While waiting for the meeting to start, Fielder observed Clinton telling Grilz that Macary was in Topeka, but wanted to participate in the meeting over the phone. “The Mayor responded that she did not believe that was a good procedure,” the complaint states.
“An angry Defendant Clinton got up from her chair, came into the well in front of the Mayor, and slammed her hand on the table yelling ‘this is bullsh-t’ and physically leaned into the Mayor while pointing a finger at her and in a loud and insulting voice demanded to know why Defendant Macary would not be able to participate in the meeting by telephone.”
Fielder, who “saw Councilwoman Clinton was openly hostile and the Mayor was at a loss for words, responded on her behalf by stating that if Defendant Councilman Macary wished to participate by telephone that as soon as the meeting started Defendant Clinton should make a motion to allow his participation by telephone,” according to the complaint. “As Plaintiff Fielder looked up, he saw a majority of the crowd either laughing or grinning in approval at the exchange that had taken place at the Council table.”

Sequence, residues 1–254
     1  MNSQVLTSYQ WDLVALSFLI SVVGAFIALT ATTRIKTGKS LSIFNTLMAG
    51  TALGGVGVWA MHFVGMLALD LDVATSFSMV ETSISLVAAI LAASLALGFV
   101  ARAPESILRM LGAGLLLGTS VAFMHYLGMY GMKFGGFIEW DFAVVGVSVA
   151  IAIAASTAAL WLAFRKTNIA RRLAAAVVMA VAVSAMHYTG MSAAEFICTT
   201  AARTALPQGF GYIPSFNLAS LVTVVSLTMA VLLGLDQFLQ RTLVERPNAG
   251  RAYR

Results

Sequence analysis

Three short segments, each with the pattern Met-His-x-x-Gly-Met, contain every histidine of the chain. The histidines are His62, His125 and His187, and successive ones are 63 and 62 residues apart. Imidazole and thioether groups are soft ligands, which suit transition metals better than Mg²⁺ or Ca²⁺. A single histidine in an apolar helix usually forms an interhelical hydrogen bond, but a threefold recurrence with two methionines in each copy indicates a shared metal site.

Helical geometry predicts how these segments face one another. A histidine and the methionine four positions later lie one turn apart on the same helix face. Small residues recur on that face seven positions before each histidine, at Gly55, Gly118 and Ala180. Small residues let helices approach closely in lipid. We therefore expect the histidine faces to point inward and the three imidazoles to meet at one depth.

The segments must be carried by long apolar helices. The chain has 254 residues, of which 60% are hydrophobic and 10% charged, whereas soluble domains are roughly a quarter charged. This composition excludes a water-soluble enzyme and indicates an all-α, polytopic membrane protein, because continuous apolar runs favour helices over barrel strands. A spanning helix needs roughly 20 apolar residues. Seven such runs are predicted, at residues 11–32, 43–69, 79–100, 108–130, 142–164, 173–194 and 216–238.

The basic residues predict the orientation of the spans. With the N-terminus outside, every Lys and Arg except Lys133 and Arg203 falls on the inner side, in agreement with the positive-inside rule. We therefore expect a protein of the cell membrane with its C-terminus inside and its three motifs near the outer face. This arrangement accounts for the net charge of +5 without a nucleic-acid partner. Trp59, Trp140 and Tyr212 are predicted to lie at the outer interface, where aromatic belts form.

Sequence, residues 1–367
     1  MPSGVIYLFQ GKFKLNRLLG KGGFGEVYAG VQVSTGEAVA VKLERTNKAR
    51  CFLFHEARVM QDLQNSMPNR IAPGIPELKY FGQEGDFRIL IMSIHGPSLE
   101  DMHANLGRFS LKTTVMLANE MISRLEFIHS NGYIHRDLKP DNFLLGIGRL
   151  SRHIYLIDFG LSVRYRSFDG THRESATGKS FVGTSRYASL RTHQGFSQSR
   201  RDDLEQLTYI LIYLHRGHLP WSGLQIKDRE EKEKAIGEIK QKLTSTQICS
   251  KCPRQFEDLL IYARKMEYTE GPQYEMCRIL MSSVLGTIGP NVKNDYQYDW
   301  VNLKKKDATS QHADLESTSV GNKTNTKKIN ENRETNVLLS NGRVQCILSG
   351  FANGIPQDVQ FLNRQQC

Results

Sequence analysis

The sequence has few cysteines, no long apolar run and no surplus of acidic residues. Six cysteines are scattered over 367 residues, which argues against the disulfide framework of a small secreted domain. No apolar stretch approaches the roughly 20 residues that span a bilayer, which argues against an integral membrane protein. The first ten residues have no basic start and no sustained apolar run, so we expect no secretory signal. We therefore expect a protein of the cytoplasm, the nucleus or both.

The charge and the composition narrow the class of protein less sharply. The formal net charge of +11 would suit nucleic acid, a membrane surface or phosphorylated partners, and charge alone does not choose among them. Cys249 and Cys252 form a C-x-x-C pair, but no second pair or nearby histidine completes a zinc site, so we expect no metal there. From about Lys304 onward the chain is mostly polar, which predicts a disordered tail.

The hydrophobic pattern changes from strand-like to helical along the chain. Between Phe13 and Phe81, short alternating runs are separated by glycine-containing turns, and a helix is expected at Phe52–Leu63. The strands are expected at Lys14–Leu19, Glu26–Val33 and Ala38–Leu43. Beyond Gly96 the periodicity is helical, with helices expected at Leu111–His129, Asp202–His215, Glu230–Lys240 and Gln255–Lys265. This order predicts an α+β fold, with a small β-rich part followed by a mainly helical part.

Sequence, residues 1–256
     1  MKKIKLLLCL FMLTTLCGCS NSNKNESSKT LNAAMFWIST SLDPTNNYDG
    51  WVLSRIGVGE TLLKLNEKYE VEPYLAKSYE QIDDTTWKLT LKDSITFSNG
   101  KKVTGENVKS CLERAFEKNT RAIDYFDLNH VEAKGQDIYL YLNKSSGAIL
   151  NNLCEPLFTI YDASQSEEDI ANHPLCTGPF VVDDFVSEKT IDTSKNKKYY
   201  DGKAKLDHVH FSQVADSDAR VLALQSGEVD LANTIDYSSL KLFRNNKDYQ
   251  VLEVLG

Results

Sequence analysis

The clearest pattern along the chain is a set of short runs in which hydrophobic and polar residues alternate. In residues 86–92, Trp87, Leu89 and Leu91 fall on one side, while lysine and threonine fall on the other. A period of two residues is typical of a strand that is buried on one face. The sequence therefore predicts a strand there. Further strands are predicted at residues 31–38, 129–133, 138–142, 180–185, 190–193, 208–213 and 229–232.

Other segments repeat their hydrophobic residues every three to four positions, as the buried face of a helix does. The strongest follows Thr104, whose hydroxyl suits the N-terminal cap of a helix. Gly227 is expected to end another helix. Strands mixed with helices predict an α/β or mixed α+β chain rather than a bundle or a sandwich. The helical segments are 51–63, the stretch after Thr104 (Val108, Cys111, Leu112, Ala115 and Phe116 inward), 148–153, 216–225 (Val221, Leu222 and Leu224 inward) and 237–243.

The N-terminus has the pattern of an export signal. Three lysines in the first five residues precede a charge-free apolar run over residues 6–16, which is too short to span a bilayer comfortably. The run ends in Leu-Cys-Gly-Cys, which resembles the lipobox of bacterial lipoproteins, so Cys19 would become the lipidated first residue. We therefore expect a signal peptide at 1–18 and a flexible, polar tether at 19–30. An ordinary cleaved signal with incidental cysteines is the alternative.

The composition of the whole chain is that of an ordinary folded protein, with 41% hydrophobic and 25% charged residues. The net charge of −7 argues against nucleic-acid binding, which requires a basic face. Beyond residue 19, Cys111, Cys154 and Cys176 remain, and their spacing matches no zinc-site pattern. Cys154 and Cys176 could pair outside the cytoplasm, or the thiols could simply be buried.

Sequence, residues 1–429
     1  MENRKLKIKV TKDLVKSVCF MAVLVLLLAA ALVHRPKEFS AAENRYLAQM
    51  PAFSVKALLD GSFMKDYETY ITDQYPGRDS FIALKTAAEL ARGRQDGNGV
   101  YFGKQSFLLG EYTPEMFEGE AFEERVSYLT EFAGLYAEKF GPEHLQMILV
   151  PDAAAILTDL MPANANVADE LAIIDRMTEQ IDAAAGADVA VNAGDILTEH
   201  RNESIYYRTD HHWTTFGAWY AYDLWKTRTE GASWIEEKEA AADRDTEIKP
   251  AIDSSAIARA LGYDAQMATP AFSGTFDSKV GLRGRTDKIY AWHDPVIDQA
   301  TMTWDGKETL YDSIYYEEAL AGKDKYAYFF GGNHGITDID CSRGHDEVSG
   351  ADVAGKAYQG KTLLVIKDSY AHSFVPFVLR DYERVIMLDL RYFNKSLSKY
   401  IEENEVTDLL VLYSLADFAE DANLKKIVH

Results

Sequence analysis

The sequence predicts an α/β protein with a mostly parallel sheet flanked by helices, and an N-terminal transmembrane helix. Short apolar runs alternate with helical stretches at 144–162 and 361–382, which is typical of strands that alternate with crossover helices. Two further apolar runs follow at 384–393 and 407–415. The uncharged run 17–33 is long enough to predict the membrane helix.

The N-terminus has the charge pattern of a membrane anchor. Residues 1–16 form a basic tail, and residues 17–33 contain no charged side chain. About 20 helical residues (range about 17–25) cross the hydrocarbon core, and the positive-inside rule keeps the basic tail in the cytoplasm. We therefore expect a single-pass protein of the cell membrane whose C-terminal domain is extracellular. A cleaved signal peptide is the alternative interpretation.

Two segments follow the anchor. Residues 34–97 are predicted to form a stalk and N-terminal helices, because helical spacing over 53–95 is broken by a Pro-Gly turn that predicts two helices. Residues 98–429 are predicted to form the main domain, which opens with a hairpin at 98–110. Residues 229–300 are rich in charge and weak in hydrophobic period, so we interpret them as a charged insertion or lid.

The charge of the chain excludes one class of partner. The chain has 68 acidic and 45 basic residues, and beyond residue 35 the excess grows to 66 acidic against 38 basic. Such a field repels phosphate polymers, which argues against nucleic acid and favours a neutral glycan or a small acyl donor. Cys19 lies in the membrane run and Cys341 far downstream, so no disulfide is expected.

Shortly after the meeting began and Macary’s participation by phone was approved — as the Morning Sun was first to report last year — Clinton made a motion, which Macary seconded, to fire Reams, Kutz and Fielder.
“There was absolutely no discussion and the motion passed on a vote of 6-2,” the complaint states. “Plaintiff Kutz took roll and recorded the vote.”
Following the vote, Mayor Linda Grilz offered to resign, which Clinton said the council would accept, according to the complaint.
“Plaintiffs Reams, Kutz and Fielder rose from Council table and were escorted from the building” by Zafuta — then public safety director and now the city administrator — the complaint states. “As they walked the gauntlet up the aisle to leave the building, most of the assembled crowd jeered, applauded and made rude comments at the Plaintiffs as they were marched from the meeting. No one voiced disapproval of these acts. Citizens made pointed ‘cat calls’ to different Plaintiffs yelling and laughing at them as they were led away.”
The complaint alleges “based on information and belief,” that “a majority of a quorum of the members of the Frontenac City Council,” including “some or all” of the six named defendants “at various times met, conversed and discussed clandestinely and in violation of the law at least once and possibly more times, concerning the termination of Ms. X, who they all knew, were related to or lived by as a neighbor.”
Several days before the Sept. 16 meeting, “Defendant Council woman LaDonna Pyle, the aunt of Ms. X, came to City Hall and asked the office staff if Ms. X had been fired. When she was unable to get a definite answer to her inquiry, Defendant Pyle left but not before saying she would be back. Based on information and belief, Defendant Pyle was hostile and angry during her visit,” the complaint alleges.